(d) Approach. In a configuration corresponding to the normal all-engines-operating procedure in which VSR for this configuration does not exceed 110 percent of the VSR for the related all-engines-operating landing configuration:

(1) The steady gradient of climb may not be less than 2.1 percent for two-engine airplanes, 2.4 percent for three-engine airplanes, and 2.7 percent for four-engine airplanes, with—

(i) The critical engine inoperative, the remaining engines at the go-around power or thrust setting;

(ii) The maximum landing weight;

(iii) A climb speed established in connection with normal landing procedures, but not exceeding 1.4 VSR; and

(iv) Landing gear retracted.

Gulfstream computes the takeoff configuration with 10° or 20° flaps, allowing you to at 2.4% with the gear retracted. Gulfstream's approach configuration is always with 20° flaps, gear retracted. More on this below.

Takeoff Flight Path

[14 CFR 25 §25.115]

Figure: Obstacle Analysis Vertical Performance, from Departure Obstacle Avoidance / Aircraft Performance.

(a) The takeoff flight path shall be considered to begin 35 feet above the takeoff surface at the end of the takeoff distance determined in accordance with § 25.113(a) or (b), as appropriate for the runway surface condition.

(b) The net takeoff flight path data must be determined so that they represent the actual takeoff flight paths (determined in accordance with § 25.111 and with paragraph (a) of this section) reduced at each point by a gradient of climb equal to—

(1) 0.8 percent for two-engine airplanes;

(2) 0.9 percent for three-engine airplanes; and

(3) 1.0 percent for four-engine airplanes.

(c) The prescribed reduction in climb gradient may be applied as an equivalent reduction in acceleration along that part of the takeoff flight path at which the airplane is accelerated in level flight.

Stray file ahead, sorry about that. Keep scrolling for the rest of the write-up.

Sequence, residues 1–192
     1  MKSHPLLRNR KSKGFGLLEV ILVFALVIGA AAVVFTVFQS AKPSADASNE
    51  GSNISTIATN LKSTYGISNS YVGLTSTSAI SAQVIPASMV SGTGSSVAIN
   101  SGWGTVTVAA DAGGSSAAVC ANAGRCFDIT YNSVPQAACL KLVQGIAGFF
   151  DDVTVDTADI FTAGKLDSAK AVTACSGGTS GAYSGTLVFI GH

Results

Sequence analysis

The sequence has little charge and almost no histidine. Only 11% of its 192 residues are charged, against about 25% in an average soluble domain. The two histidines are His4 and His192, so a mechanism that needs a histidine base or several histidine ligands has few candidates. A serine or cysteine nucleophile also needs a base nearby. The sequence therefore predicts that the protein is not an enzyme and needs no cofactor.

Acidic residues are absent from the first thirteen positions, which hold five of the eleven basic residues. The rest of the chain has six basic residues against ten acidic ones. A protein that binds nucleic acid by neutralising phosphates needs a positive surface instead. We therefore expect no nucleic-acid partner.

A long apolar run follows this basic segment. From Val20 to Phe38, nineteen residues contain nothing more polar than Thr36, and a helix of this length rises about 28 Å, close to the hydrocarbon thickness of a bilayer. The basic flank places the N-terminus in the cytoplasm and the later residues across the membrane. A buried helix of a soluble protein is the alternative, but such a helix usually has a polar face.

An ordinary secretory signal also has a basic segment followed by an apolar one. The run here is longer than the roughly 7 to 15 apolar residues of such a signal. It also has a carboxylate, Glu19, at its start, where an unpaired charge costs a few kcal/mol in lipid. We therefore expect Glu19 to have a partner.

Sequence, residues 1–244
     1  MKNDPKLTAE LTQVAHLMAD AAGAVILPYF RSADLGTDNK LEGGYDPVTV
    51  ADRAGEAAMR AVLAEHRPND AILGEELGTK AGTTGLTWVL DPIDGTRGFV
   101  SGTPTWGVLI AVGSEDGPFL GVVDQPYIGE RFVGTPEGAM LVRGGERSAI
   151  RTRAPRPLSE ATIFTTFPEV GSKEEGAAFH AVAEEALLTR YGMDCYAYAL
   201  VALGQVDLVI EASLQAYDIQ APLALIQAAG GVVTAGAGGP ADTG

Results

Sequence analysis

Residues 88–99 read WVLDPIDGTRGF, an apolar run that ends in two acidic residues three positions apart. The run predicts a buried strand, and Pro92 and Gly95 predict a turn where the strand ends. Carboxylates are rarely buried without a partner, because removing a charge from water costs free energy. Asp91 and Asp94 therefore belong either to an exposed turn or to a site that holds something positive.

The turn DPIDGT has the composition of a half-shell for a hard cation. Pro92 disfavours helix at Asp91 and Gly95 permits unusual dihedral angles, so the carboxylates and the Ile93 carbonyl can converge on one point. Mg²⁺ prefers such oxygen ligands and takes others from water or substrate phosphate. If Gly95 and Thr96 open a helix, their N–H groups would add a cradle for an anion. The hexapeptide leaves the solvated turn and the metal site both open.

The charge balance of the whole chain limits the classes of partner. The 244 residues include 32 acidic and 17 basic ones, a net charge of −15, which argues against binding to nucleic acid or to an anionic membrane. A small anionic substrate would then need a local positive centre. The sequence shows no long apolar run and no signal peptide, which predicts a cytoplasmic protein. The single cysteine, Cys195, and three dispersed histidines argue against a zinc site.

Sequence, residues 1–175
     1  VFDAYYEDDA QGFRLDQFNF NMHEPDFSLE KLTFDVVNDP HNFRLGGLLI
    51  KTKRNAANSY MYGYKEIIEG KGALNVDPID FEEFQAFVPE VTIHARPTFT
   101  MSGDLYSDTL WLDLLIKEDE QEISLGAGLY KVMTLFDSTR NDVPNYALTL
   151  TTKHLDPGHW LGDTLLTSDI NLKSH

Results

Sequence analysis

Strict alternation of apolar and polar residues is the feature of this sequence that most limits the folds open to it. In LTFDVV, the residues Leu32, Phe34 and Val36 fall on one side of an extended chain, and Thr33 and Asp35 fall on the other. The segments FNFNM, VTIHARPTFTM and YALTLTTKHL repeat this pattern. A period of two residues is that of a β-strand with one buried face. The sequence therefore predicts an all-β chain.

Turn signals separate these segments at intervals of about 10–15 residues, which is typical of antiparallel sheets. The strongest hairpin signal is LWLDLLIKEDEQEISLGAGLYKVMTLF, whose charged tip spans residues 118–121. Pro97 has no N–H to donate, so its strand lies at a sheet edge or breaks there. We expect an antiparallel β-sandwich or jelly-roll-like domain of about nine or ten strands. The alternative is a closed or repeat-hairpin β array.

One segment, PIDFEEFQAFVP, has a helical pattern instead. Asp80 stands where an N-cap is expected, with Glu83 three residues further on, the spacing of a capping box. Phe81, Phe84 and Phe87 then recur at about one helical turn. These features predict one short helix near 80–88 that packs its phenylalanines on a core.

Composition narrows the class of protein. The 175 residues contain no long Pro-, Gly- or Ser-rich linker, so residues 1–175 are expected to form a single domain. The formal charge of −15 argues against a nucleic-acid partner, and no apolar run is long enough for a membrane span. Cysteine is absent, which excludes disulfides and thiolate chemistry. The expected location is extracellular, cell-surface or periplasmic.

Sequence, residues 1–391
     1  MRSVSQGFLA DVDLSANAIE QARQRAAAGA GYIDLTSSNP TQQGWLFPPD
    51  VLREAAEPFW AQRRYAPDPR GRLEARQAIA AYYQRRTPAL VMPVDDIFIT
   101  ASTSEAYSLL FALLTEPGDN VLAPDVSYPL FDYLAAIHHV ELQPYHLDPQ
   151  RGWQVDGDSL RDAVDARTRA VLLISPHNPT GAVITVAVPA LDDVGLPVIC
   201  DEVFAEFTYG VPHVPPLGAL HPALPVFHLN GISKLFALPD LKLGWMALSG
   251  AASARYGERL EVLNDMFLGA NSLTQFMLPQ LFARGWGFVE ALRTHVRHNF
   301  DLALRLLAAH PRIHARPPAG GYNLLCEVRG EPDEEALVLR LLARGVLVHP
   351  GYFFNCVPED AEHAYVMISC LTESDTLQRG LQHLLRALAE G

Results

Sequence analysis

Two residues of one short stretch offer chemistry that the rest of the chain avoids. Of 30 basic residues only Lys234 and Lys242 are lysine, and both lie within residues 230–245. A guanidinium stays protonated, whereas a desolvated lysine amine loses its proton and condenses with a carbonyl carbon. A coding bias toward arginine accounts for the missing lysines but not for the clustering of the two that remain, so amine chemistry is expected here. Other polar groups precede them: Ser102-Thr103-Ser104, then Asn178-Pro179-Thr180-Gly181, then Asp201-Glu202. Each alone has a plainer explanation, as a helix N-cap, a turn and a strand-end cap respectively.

When the aircraft is certified, manufacturers are required to reduce their actual climb performance numbers by this safety factor, 0.8% in the case of the two-engine aircraft. What you see in the AFM, PH, and FMS are these "net climb gradient" numbers. Of critical importance to you as a pilot is this knowledge: the airplane will do 0.8% better than the book is telling you.

Obstacle Considerations (14 CFR 135)

[14 CFR 135 §135.379]

(d) No person operating a turbine engine powered large transport category airplane may take off that airplane at a weight greater than that listed in the Airplane Flight Manual—

(2) For an airplane certificated after September 30, 1958 (SR422A, 422B), that allows a net takeoff flight path that clears all obstacles either by a height of at least 35 feet vertically, or by at least 200 feet horizontally within the airport boundaries and by at least 300 feet horizontally after passing the boundaries.

Part 91 doesn't address obstacles at all, you just need to clear them. Part 135 says you need to have at least 35 feet vertically over any obstacles within 200 feet horizontally within the airport boundary, and 300 feet horizontally outside the airport boundary. The 14 CFR 121 requirement is identical.

Obstacle Considerations (JAA)

[JAR-OPS ¶1.495]

(a) An operator shall ensure that the net takeoff flight path clears all obstacles by a vertical distance of at least 35 ft or by a horizontal distance of at least 90 m plus 0·125 x D, where D is the horizontal distance the aeroplane has travelled from the end of the take-off distance available or the end of the take-off distance if a turn is scheduled before the end of the take-off distance available. For aeroplanes with a wingspan of less than 60 m a horizontal obstacle clearance of half the aeroplane wingspan plus 60 m, plus 0·125 x D may be used. (See IEM OPS 1.495(a).)

(b) When showing compliance with subparagraph (a) above, an operator must take account of the following:

(1) The mass of the aeroplane at the commencement of the take-off run;

(2) The pressure altitude at the aerodrome;

(3) The ambient temperature at the aerodrome; and

(4) Not more than 50% of the reported head-wind component or not less than 150% of the reported tailwind component.

(c) When showing compliance with subparagraph (a) above: